Our war was damned by many as an aggression by a bunch of rabid Fascists racists that were oppressing the black masses of Africa. To any European, or even American their mental picture of a white South African is that of a white supremacist racist neo-Nazi. Nothing could further away from the truth, and in any case this article is not about Apartheid, but about what caused the Border War.
1975 was a particularly bad year for the Western World: Saigon and Phnom Penh fell overrun by the Communists, while I a sudden about-face in Western Africa the Soviets turned away from their Somali allies and backed the new rulers of Ethiopia who declared themselves loyal to Moscow. Soon, and as was predicted by our own intelligence, several Communists dictators in African countries; Tanzania, the People’s republic of Congo; Madagascar; Guinea allowed Russian Forces the use of military bases in these countries. Meanwhile, perhaps because shocked by the events in Vietnam, or the lack of leadership of President Jimmy Carter, the US stood inertly by at this Communist expansion in Africa. While concurrently left-wing, pacifist, and anarchist movements animated by a young generation that like all young generations, wanted to change the world, created a general disenchantment towards the military in Europe, and notwithstanding 200000 Warsaw Pact Tanks, deployed on NATO’s borders, Europe too looked the other way.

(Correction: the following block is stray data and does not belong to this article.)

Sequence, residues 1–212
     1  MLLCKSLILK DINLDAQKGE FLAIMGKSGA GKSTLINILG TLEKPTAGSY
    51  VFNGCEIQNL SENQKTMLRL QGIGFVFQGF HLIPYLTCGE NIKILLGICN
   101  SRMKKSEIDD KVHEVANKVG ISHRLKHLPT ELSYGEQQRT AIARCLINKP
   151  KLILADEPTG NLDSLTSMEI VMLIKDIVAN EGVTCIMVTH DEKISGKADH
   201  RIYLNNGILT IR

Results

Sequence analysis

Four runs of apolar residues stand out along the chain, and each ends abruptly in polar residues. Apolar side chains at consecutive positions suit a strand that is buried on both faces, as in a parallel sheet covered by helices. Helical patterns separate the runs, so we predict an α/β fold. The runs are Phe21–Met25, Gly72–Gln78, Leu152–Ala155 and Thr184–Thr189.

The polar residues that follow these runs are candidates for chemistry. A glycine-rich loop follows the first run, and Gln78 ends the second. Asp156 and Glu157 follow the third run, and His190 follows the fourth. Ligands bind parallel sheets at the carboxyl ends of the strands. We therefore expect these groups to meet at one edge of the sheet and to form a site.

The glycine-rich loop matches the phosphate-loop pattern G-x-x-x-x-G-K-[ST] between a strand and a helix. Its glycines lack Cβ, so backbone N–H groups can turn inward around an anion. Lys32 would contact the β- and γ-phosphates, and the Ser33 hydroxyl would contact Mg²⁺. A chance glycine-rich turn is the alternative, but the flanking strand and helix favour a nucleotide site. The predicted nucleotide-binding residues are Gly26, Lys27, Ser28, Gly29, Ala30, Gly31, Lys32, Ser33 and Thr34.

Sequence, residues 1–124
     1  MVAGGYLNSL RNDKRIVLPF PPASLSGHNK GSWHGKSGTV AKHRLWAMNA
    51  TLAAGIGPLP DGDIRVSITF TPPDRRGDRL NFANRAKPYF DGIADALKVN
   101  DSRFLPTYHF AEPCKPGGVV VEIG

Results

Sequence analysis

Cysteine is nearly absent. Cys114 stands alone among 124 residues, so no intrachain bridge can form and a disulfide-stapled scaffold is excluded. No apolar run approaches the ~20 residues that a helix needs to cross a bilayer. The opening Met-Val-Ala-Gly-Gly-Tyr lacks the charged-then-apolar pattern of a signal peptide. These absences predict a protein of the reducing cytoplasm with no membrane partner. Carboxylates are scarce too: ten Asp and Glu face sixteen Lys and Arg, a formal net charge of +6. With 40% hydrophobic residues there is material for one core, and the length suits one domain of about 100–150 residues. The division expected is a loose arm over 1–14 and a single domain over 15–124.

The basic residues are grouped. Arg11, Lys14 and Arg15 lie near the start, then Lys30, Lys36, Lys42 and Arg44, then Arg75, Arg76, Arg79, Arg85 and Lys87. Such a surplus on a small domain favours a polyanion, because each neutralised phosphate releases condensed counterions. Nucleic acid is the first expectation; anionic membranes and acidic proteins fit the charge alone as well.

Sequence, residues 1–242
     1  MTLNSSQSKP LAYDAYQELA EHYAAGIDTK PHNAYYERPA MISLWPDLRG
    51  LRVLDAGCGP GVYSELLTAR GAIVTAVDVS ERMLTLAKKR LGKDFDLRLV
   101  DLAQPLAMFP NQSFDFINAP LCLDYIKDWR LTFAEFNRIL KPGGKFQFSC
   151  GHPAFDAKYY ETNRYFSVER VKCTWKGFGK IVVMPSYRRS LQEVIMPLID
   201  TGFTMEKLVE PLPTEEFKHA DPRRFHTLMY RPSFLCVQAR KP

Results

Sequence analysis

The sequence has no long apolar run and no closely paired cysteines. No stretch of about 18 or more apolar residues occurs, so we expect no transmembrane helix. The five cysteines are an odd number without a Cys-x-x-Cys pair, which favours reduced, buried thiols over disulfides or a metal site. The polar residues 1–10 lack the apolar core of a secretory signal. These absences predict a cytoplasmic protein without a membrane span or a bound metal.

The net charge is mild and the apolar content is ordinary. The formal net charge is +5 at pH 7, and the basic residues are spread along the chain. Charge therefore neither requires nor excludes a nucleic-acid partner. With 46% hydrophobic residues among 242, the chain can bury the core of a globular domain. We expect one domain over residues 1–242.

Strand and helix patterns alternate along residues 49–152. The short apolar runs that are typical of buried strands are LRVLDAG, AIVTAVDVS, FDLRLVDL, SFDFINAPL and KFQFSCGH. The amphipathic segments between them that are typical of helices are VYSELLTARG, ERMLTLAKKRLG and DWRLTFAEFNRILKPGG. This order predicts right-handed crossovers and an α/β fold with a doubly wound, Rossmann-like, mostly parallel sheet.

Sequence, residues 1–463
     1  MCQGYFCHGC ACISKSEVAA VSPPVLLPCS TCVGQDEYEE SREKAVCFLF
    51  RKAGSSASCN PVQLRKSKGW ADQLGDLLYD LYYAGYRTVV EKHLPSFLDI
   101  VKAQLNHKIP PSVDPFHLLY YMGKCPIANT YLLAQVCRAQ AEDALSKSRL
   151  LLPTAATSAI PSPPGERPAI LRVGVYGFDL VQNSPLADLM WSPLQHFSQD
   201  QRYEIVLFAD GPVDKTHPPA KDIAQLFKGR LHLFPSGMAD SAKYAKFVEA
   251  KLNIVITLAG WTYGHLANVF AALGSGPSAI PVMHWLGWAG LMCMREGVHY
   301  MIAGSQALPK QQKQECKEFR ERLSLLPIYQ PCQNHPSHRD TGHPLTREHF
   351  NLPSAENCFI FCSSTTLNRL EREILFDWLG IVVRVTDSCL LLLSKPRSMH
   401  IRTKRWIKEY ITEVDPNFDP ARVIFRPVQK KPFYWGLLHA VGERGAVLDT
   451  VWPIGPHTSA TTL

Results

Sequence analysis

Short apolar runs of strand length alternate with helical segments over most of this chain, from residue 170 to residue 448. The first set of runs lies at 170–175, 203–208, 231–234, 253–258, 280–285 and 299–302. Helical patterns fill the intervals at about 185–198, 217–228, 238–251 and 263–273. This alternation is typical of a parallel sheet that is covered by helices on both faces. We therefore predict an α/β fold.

South West Africa was further destabilized by the Portuguese Revolution in Portugal on the 25th April, 1975, that forced Portugal to abandon their Colonial possessions in Angola, Mozambique, Guinea Conakry, and the Russians acted very quickly to infiltrate into these territories. However, they did not fully understand the complexity of the situation in Angola, for there the Portuguese had to deal with three separatist movements: FNLA ( Frente Nacional de Libertação de Angola); UNITA (Uniao Nacional para a Libertação Total de Angola); and the FNLA ( Movimento para a Libertação de Angola). Led by a man called Robert Holden the MPLA (National Front for the Liberation of Angola) drew his support from the Bakongo tribes and his support reached well into Zaire, while the members of UNITA ( Union for the Total Liberation of Angola) drew their support base from the Ovimbundus, the largest ethnic and tribal group in Angola. The MPLA (Movement for the Liberation of Angola), was very a typical radical left-wing intellectual organization that had its main strength between the urbanized Angolans living along the coast and the massive numbers of half-cast offspring consequence of Portuguese rule.